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Ballot selfies come closer to reality in another state

JUNEAU, Alaska -- It soon could be legal to post selfies of marked ballots in Alaska.

The state House on Wednesday passed legislation, 32-8, that would allow voters to share photos, videos or other images of their marked ballots with the public.

They could not, however, show videos or images of their or another person’s marked ballot while in a polling place or within 200 feet of one in an attempt to get someone to vote a certain way. 

“People have new forms of digital expression whether it’s through social media, Facebook and Twitter or texting photos and Snapchat,” said Rep. Jonathan Kreiss-Tomkins, who co-sponsored the bill, CBS affiliate KTVA reports. Kreiss-Tompkins said that the Division of Elections receives a multitude of phone calls after each election cycle from Alaskans who fear they will be prosecuted for breaking state law because of a picture posted.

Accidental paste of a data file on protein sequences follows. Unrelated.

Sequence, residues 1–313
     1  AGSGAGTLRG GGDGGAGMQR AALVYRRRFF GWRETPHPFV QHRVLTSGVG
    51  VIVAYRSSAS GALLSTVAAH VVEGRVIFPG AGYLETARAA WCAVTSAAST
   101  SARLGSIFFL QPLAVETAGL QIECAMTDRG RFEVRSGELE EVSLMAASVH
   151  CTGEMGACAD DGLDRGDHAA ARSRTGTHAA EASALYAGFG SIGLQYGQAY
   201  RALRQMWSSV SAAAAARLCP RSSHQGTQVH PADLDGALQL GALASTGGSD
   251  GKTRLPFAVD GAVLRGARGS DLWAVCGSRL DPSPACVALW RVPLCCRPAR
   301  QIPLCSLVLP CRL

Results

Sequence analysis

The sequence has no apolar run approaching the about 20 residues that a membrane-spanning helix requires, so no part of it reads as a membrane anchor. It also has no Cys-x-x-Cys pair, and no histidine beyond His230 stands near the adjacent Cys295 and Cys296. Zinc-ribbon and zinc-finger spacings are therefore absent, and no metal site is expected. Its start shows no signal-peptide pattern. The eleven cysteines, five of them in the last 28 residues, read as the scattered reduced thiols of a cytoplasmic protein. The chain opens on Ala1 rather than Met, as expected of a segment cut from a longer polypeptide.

According to Kreiss-Tomkins, the Division of Elections has been supportive of the effort to update the law to reflect new, digital forms of expression.

But not all of Kreiss-Tomkins’ House colleagues saw the same need for change.

“I fear that this bill will invite electronic mischief, electoral mischief — technology is ever-evolving and technology is disruptive to the traditional processes,” said Rep. Dan Saddler, floor leader for the House Republican minority.

“In my opinion this bill trivializes the process of elections, and the terribly private process becomes a public spectacle. ‘Hold that thought!’” Saddler said as he pretended to take a selfie in the House chambers. “I’m going to vote no on this, to protect the gravity and the sanctity of the ballot.”

The bill next goes to the Senate.

Existing state law prohibits showing a marked ballot, but Alaska’s elections director has said there’s no practical way to enforce that.

According to the National Conference of State Legislatures, at least 15 states this year have bills addressing ballot selfies and the secrecy of the ballot.

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